The subjects of a new Finnish study who helped establish the link between two genes and violent crime were an especially savage bunch. The group of 78 prisoners had committed more than 1,500 of the most brutal offenses in the criminal landscape—murder, manslaughter, attempted murder, and battery, according to the study, released in Nature at the end of last month. They also shared variations of two genes: Monoamine oxidase A (MAOA, also known as the "Warrior Gene") and CDH13. Basically, the combination of these two genes was bad for the study's subjects, and even worse for their victims.
"No substantial signal was observed for either MAOA or CDH13 among non-violent offenders, indicating that findings were specific for violent offending," the authors wrote. The 78 most violent prisoners were part of a larger group in the study, but represented the most concrete connection between the two genes and heinous crimes.
MAOA metabolizes dopamine, that wonderful hormone we feel surging through our bodies when lighting up a cigarette or taking a sip of liquor. The most violent offenders in the study—that group of 78—likely had larger bursts of dopamine when alcohol, cocaine, or other drugs were introduced into their systems. Those subjects also had a larger amount of "dopaminergic activity" than the average person, even without the addition of drugs, which can lead to aggressive behavior. Meanwhile, CDH13—to avoid some wonky scientific language—is a gene that affects switches in the brain most often associated with ADHD.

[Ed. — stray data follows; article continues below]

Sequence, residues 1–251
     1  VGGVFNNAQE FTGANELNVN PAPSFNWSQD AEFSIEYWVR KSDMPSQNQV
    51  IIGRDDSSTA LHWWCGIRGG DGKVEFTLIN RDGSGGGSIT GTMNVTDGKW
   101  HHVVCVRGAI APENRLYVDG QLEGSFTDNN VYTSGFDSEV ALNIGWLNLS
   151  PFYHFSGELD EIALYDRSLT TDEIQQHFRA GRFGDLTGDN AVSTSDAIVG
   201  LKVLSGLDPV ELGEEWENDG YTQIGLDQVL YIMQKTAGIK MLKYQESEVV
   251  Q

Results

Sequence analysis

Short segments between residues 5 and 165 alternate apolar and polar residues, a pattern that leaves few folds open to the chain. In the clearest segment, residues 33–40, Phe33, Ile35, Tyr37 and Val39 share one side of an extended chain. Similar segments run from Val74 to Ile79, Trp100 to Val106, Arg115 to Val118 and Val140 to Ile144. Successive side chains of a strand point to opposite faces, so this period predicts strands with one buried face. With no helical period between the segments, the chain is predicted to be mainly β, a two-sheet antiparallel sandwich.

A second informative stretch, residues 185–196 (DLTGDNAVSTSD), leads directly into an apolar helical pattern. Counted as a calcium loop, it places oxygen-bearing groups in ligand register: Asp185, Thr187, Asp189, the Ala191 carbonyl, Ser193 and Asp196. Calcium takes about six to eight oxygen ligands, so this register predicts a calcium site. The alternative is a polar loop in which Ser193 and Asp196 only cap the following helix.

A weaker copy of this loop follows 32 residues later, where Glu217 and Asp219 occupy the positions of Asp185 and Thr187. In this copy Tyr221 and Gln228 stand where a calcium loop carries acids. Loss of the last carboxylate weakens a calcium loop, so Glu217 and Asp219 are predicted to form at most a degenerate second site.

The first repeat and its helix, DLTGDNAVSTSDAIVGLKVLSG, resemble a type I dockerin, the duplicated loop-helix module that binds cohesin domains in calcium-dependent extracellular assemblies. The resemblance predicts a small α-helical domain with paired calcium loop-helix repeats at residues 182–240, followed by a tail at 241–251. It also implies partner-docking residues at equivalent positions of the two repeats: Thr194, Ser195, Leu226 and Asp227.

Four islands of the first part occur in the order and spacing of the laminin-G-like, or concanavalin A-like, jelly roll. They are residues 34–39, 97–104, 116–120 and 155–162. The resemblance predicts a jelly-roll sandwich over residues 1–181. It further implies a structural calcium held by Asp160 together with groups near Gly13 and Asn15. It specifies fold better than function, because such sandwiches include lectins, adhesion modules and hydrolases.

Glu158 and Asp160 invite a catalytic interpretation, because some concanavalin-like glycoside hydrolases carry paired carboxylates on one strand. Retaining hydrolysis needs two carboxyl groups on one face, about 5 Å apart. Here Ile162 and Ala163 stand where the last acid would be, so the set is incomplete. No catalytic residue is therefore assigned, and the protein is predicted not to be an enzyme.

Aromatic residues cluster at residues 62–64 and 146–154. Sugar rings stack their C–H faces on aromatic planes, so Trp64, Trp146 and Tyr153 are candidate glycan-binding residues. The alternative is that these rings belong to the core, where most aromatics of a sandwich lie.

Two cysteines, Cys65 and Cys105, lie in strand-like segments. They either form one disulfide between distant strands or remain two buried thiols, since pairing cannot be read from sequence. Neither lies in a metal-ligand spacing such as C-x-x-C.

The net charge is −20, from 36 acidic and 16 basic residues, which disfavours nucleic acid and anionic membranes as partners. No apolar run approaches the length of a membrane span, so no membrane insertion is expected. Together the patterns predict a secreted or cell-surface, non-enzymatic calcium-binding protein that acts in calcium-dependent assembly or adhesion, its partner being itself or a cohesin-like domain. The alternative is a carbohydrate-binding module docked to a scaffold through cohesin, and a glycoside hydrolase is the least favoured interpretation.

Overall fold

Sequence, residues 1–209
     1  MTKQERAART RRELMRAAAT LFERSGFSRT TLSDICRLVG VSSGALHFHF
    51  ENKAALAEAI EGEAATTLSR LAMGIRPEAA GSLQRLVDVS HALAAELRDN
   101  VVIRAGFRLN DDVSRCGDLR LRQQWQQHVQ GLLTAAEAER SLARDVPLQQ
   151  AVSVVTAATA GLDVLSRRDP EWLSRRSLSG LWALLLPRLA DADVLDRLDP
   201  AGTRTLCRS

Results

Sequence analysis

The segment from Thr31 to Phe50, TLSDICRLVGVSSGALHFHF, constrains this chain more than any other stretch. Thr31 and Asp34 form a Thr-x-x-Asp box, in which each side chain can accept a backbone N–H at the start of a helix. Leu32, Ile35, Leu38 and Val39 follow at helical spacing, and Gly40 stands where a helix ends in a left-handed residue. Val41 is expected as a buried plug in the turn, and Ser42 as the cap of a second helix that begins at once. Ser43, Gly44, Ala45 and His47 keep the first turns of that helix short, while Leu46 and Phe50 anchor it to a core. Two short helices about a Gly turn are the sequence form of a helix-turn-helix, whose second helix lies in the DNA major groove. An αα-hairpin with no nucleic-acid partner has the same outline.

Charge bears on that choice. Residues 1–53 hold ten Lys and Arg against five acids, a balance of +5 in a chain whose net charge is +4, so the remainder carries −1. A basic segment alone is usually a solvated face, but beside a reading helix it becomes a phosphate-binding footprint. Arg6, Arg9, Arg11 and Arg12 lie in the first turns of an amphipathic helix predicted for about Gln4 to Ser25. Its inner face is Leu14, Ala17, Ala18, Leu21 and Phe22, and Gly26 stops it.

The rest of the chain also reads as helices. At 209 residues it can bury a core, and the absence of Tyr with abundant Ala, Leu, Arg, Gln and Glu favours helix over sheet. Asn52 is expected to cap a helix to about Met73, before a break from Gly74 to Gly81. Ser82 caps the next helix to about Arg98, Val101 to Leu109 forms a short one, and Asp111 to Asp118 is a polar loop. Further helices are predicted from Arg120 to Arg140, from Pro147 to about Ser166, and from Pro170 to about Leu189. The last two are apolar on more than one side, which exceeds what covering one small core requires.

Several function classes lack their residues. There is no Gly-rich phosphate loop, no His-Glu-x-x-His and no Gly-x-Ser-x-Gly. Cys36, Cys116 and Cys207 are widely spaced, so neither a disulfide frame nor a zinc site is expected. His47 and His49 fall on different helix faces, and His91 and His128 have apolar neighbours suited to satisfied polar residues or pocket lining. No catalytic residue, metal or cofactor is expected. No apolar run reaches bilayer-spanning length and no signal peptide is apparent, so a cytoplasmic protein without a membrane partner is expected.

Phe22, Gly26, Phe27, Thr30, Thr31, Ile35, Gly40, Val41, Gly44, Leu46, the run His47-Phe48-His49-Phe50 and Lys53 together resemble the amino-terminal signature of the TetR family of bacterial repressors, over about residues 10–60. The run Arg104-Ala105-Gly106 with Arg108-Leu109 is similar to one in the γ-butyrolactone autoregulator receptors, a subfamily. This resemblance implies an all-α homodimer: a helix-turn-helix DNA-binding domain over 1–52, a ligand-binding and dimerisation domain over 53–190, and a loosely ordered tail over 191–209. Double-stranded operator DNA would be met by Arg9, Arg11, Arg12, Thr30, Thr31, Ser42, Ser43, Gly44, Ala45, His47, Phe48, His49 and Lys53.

Both genes are "rather common," one of the study's authors, Jari Tiihonen, wrote me in an email, and can be found in 20 percent of the world's population. And, while the combination of MAOA and CDH13 represents a "risk of about 13-fold compared with the 'usual' genotype combination" for committing violent crimes, the majority of people with the gene combo won't be hacking up their families any time soon. Despite our national fascination with the daily drudgery of crime stories, incidents of violence are relatively low in developed countries. In the US, crime rates have been falling steadily for years, including a 5.4 percent drop in violent crimes in the first six months of 2013 compared to the same period of 2012, according to the FBI.
Speculation runs rampant as to why crime has dropped. Everything from harsh prison sentences to concealed carry are cited as reasons for the trend. But, like the rationale for committing crimes in the first place, the real answer is much more complex. And it's probably safe to say that it's far more complicated than the science behind Tiihonen's study.
"This is not a system where everybody that has a certain gene turns out to be violent," said Lawrence Kobilinsky, a professor in the forensic sciences department at the John Jay College of Criminal Justice in New York.
Anyone with a minimal knowledge of criminology knows that, starting with the increased urbanization that went into overdrive with the Industrial Revolution, the causes of crime are many and varied. Living conditions, access to basic services, income level, education and housing all play large roles. In addition to these factors and Tiihonen's two genes is the overwhelmingly influential role of environment—your brain has something to do with it, but your block matters a hell of a lot, too.